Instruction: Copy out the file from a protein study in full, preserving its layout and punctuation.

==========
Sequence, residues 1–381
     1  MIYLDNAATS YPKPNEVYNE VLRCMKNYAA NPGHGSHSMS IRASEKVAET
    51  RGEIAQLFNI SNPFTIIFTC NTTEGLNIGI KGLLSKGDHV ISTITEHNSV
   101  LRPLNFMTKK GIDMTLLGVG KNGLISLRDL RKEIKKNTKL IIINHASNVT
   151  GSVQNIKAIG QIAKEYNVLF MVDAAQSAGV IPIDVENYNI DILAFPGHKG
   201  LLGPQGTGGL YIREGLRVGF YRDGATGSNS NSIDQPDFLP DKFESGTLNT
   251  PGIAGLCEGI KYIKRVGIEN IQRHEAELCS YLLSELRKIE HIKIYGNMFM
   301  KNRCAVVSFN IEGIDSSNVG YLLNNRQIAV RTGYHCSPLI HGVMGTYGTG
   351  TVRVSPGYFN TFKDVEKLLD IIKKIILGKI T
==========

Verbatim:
Sequence, residues 1–381
     1  MIYLDNAATS YPKPNEVYNE VLRCMKNYAA NPGHGSHSMS IRASEKVAET
    51  RGEIAQLFNI SNPFTIIFTC NTTEGLNIGI KGLLSKGDHV ISTITEHNSV
   101  LRPLNFMTKK GIDMTLLGVG KNGLISLRDL RKEIKKNTKL IIINHASNVT
   151  GSVQNIKAIG QIAKEYNVLF MVDAAQSAGV IPIDVENYNI DILAFPGHKG
   201  LLGPQGTGGL YIREGLRVGF YRDGATGSNS NSIDQPDFLP DKFESGTLNT
   251  PGIAGLCEGI KYIKRVGIEN IQRHEAELCS YLLSELRKIE HIKIYGNMFM
   301  KNRCAVVSFN IEGIDSSNVG YLLNNRQIAV RTGYHCSPLI HGVMGTYGTG
   351  TVRVSPGYFN TFKDVEKLLD IIKKIILGKI T